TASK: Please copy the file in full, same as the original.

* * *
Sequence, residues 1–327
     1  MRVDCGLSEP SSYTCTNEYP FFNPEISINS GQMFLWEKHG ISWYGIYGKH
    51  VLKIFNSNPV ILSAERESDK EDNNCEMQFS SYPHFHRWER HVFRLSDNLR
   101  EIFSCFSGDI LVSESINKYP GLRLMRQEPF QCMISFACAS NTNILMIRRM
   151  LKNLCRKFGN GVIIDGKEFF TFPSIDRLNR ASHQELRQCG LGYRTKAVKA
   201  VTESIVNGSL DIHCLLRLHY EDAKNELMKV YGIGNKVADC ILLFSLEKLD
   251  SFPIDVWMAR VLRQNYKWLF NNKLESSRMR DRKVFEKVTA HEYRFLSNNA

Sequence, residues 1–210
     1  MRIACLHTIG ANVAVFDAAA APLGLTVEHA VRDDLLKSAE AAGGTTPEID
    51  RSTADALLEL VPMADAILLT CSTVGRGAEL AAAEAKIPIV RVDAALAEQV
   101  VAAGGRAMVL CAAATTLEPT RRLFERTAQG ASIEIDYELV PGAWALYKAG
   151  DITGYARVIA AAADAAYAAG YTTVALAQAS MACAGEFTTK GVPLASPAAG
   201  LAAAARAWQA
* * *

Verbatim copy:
Sequence, residues 1–327
     1  MRVDCGLSEP SSYTCTNEYP FFNPEISINS GQMFLWEKHG ISWYGIYGKH
    51  VLKIFNSNPV ILSAERESDK EDNNCEMQFS SYPHFHRWER HVFRLSDNLR
   101  EIFSCFSGDI LVSESINKYP GLRLMRQEPF QCMISFACAS NTNILMIRRM
   151  LKNLCRKFGN GVIIDGKEFF TFPSIDRLNR ASHQELRQCG LGYRTKAVKA
   201  VTESIVNGSL DIHCLLRLHY EDAKNELMKV YGIGNKVADC ILLFSLEKLD
   251  SFPIDVWMAR VLRQNYKWLF NNKLESSRMR DRKVFEKVTA HEYRFLSNNA

Sequence, residues 1–210
     1  MRIACLHTIG ANVAVFDAAA APLGLTVEHA VRDDLLKSAE AAGGTTPEID
    51  RSTADALLEL VPMADAILLT CSTVGRGAEL AAAEAKIPIV RVDAALAEQV
   101  VAAGGRAMVL CAAATTLEPT RRLFERTAQG ASIEIDYELV PGAWALYKAG
   151  DITGYARVIA AAADAAYAAG YTTVALAQAS MACAGEFTTK GVPLASPAAG
   201  LAAAARAWQA